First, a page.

What is Dwell time and why it matters for SEO?

What is Dwell time and why it matters for SEO?

Before we continue with the topic today if we take a step back and look at what the word “dwell” means in the dictionary — The dictionary meaning of dwell is — live in or at a specified place.

What is Dwell time in SEO world?

Dwell time is the amount of time a user spends on a web page before going to the search results again.

So now it is evident that why dwell metrics are important for the search engine, suppose you have searched a word, and Google has given you several results, and you clicked one of them and realized that the content of the page does not satisfy your need. In such a case, then you either close the tab or go back to the search results page(SERP). Dwell time is the metric the search engines need to determine the relevance of the web page. 

So dwell time becomes the essential factor in the SEO world and a critical metric for determining searcher’s satisfaction.

Dwell time determines that the amount of time you have spent on the page with the content it provided has a very high probability that it satisfied your need. This implies that this page is similarly satisfying the same kind of visitors. The inverse of this, if people are spending less time on the page, the content is either irrelevant to the user or the content is poor. But it is a metric that’s used and would hold a value applied to rankings at some level.

Misconceptions around dwell time

Now let us understand what some of the misconceptions around dwell time are?

Dwell time is not the same as the bounce rate (Bounce rate -> the percentage of visitors who enter the site and then leave rather than continuing to view other pages within the same site Wikipedia.

Dwell time is not the average time on page (Average time on page is simply the average amount of time all users spend on a single page).

Dwell time is not session time (session time comes into picture when you log in to some website rather than landing on it due to search result).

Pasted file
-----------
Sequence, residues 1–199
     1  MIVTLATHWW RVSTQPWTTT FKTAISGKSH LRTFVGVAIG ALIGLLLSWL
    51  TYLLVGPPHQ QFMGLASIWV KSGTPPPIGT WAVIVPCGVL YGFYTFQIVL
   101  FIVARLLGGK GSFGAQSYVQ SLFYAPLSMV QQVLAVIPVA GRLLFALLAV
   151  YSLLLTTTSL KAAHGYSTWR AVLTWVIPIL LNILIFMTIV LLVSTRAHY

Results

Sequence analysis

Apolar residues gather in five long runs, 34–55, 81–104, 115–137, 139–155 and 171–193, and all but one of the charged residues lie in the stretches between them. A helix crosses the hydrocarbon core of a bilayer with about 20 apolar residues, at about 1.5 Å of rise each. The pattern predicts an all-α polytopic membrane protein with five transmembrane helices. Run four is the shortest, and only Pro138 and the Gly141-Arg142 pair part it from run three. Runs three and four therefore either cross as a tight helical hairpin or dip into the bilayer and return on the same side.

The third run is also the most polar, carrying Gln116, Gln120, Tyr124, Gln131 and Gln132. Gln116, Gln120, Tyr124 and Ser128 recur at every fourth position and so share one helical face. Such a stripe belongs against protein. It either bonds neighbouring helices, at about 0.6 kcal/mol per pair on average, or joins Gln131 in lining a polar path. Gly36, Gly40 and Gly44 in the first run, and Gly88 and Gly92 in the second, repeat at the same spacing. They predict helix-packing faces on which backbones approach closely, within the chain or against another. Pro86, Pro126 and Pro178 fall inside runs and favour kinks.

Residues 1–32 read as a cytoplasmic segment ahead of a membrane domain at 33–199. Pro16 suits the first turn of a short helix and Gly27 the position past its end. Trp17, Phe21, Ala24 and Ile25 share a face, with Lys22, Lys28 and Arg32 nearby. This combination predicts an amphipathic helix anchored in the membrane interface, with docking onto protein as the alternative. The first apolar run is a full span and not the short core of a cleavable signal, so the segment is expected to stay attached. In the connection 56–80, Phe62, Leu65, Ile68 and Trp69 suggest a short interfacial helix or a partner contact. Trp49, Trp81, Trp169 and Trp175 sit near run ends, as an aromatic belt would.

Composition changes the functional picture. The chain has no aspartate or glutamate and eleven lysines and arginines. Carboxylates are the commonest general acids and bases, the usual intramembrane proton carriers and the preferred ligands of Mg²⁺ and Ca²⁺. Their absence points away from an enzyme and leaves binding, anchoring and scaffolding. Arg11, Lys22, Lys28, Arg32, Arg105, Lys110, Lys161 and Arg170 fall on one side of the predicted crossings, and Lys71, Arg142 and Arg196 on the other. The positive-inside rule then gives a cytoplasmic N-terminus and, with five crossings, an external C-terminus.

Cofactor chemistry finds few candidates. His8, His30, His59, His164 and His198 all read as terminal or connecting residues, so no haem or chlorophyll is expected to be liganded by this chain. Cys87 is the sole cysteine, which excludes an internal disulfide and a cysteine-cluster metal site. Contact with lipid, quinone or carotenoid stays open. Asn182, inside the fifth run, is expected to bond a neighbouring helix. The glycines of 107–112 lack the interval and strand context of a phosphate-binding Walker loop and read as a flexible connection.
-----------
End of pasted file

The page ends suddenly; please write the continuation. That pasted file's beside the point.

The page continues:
Dwell time is not click-through rate. (Click through rate is the percentage of people clicked on the link in the search results upon the no of people saw that link in the search results).

Dwell time is also not RankBrain (you can see about RankBrain here).

How to improve our dwell time

Now the question arises how can we improve our dwell time?

Let us keep this very short and straightforward. In this context, there are many things that we can do to improve user dwell time.

Improve User Experience

  • Providing an excellent user experience
  • Design It should be crisp and resonates with your target audience. Simple backgrounds, plenty of white space as well as clear and easy-to-read fonts are your friend.
  • Layout — Design and layout go hand in hand. Make sure your content takes center stage and is easy to consume. Your content can be great, but the presentation also plays a critical role.
  • Mobile optimization — Nothing is worse than an unresponsive website. It’s just not acceptable in today’s Internet. Mobile-friendliness is a great factor nowadays. see here
  • Ads and popups — While popups can be absolutely essential in building an email list, they can also be annoying as heck. Same for ads. That’s also why Chrome will begin blocking them if they are too intrusive and Google started penalizing ads last year. When using either, make sure they don’t interfere with the user experience. 

Cater the User Needs Perfectly

Now that you learned about user experience now it’s time for the content.

  • Understand your users — Get into your audience’s heads and understand what they are looking for and give it to them. Doing market research for your website will help with that.
  • Write longer content — Long-form content outperforms shorter pieces by a long shot. Longer posts allow readers to dive deeper into a topic and answer more of your readers’ questions. 
  • Target the right keywords — The keywords in your title and description should be promising about what your content is going to be about. 
  • Keep your content up to date — Stale content is one of the best ways to move away from your visitors. There’s nothing more disappointing than clicking through to an article and realizing it’s horribly out of date. I would personally avoid going to a page that is last updated 2 years ago.
  • Interact with your audience through comment sections — the most important conversation happens in the comment section. If people interact with your articles, the worst you can do is ignore them. When you interact with them, it’s also a reason to come back to your site.


Now that you are clear about dwell time. In broader terms, every click is a visit, but not all visits can be ranked equally.

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